It’s hard to talk about the present and future of retail without taking into account the massive impact the Covid-19 pandemic has had on consumer behaviour. As lockdowns and restrictions have dictated people’s movements, online shopping has become a far more attractive option for both customers and businesses alike, and industries that have previously had a difficult time in the online space have been compelled to make the jump. And with a global pandemic making customers more wary of gather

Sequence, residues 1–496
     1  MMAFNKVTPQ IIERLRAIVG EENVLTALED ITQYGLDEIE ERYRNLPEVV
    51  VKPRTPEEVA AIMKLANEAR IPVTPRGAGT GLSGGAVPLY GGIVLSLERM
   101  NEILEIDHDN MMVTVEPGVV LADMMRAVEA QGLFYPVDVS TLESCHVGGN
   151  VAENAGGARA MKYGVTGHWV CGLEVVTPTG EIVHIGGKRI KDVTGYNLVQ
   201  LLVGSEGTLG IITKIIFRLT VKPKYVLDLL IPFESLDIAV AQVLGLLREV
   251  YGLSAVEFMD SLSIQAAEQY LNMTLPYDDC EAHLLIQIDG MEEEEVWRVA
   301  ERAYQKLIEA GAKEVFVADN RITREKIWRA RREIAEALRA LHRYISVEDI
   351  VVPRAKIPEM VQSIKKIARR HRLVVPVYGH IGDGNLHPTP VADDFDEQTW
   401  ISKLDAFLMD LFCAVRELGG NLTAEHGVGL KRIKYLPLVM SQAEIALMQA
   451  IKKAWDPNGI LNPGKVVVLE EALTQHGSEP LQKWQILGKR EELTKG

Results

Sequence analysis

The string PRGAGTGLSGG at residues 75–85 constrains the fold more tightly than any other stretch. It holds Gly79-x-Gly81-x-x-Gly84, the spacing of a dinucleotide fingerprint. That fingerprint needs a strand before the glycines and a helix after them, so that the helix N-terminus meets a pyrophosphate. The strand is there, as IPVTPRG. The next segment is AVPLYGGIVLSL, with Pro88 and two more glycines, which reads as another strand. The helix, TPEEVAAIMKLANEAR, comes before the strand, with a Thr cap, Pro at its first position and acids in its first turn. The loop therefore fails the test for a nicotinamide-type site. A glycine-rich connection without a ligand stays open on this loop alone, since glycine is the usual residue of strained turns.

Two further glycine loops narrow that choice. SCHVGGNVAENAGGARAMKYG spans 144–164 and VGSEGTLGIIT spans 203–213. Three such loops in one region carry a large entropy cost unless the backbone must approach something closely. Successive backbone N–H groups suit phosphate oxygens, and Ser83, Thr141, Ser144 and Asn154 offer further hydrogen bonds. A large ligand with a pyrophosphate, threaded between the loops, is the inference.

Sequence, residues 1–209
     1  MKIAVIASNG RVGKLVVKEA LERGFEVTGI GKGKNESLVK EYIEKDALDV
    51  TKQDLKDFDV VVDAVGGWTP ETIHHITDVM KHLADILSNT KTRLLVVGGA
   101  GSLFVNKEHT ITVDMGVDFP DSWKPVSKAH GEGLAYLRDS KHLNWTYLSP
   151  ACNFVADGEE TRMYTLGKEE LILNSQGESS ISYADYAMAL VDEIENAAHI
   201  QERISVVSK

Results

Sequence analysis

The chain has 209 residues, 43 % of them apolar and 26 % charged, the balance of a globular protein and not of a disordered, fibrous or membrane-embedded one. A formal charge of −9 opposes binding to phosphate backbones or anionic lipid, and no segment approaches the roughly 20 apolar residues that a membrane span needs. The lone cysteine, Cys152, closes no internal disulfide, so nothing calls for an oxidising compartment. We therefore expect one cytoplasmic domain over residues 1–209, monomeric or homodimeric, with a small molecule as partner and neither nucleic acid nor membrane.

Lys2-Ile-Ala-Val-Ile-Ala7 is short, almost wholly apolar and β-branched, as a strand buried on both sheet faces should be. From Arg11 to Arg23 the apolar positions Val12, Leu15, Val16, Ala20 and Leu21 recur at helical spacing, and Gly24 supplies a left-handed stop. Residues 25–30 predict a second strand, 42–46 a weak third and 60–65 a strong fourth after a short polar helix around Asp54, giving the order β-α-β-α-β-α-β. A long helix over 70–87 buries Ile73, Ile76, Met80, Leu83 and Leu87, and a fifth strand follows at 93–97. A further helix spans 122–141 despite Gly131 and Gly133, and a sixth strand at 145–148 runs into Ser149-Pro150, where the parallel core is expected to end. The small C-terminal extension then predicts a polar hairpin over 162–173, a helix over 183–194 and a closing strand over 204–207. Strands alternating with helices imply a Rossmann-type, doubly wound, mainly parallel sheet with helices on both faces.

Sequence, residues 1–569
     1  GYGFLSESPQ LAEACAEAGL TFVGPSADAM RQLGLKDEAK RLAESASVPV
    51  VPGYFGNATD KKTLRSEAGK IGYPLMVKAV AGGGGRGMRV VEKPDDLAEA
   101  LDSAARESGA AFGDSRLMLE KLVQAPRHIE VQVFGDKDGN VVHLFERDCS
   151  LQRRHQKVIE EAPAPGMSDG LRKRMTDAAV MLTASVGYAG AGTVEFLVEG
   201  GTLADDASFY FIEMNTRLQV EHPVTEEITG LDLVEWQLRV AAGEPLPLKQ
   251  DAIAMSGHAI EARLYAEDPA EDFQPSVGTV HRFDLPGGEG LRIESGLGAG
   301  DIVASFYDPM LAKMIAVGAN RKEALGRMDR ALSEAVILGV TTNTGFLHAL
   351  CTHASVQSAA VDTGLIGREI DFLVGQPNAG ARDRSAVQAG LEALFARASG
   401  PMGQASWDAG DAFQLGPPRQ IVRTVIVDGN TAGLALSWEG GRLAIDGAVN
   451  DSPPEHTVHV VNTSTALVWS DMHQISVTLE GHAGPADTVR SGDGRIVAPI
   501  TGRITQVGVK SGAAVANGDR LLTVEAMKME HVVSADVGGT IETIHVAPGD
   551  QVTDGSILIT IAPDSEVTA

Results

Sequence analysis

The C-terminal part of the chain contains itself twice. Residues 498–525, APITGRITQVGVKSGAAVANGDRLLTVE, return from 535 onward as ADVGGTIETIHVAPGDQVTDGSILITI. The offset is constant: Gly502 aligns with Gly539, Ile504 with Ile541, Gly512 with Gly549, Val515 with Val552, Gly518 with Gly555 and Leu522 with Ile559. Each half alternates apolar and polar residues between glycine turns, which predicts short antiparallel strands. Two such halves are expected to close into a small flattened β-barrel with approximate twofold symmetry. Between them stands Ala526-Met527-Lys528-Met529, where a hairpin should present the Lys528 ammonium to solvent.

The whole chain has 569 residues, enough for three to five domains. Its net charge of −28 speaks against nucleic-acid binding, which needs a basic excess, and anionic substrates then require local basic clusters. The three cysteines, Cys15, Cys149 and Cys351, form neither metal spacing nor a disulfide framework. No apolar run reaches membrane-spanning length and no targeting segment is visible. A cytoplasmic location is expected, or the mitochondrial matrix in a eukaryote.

gatherings in public spaces, sectors that rely on in-person showrooms to sell products have had to adapt not only their own business model, but how customers can view and experience their larger products – like cars. “We’re seeing demographics that are traditionally more comfortable with shopping in physical stores moving their purchases to online,” Retail Doctor Group’s Anastasia Lloyd-Wallis told Inside Retail. “This all started with the necessity to purchase base products such as groceries and home products online. However, when customers found that this could be completed successfully in an easy and quick process, they gained trust and confidence [in buying bigger items online].” It’s this thinking that prompted the launch of Volkswagen’s online store. Since April, Volkswagen has sold over 460 cars online to date, bringing in $36 million for the business. “Lockdowns across the country made it hard for customers to visit dealerships in person, so our online store has not only helped our customers still be able to buy a new car during this time, it’s also allowed our dealer network to remain connected and selling cars,” Jason Bradshaw, chief customer and marketing officer, Volkswagen, told Inside Retail. Breaking from tradition Now the car dealership is introducing a new augmented reality (AR) experience, which aims to let Aussies try out the vehicles from wherever they may be. In the same way furniture and fashion retailers are utilising AR to put products in customers’ homes prior to purchase, potential buyers can now use their smartphone to place a Volkswagon T-Cross or T-Roc in an open space and examine it closely through a number of clickable information points. Customers can view the car from any location and examine features through AR. Image: Supplied. Research undertaken by Volkswagen showed that 34 per cent of consumers would be open to buying a car online without doing a test drive. Jason Bradshaw, chief customer and marketing officer, Volkswagen, told Inside Retail that the AR experience is about giving customers more confidence in purchasing in this non-traditional way. “Try before you buy has always been the norm for fashion and beauty, however, we’re now seeing a virtual trend emerge with bigger ticket items, like cars,” he said. “We’ve taken the opportunity to further enhance our customers’ online shopping experience through AR, as it will play an important role in giving Aussies more confidence that what they are purchasing online is right for them.” Volkswagen was already using AR and VR tools internally in its training programs prior to introducing the technology to customers. “The feedback through these programs made it clear – a consumer-facing version had to be simple and intuitive and deliver a connected, seamless experience for consumers,” Bradshaw said. Reimagining the customer journey Volkswagen is just one of many retailers that are experimenting with the customer journey in the wake of the pandemic. Lloyd-Wallis said that retailers now need to thoroughly examine the customer journey and understand all the different touch points to keep in contact with their customer. “The journey to purchase a product is now more detailed, with consumers spending more than four hours a day on their mobile phones and are therefore much more educated and pre-researched when it comes to their buying behaviour,” she said. “Because of this, retailers are looking at innovative ways to keep connected with their customers online and to create enhanced online experiences.” The introduction of digital platforms and more detailed digital experiences has helped customers feel more comfortable about purchasing online, and AR further cements that confidence in the product without seeing it in person, according to Lloyd-Wallis. Shopify research also shows that products with AR content have a 94 per cent higher conversion rate than those without. “We have seen the rise of brands using social platforms such as Snapchat to showcase their items and using AR to try on the products, like Gucci selling trainers, Levi’s selling jackets. Luxury brands are getting involved in creating online communities and using gamification to allow users to explore and play with the product online,” she said. “As consumers are social beings by nature, they crave this interaction and experience and hence it is important for retailers to create this through their digital channels.” For Volkswagen, it’s just the beginning of its journey with AR. Next year the retailer plans to introduce the new Golf 8 and updated Tiguan to the AR showroom. Big ticket retailers, take note. Reporting by Dean Blake and Ruth Hogan.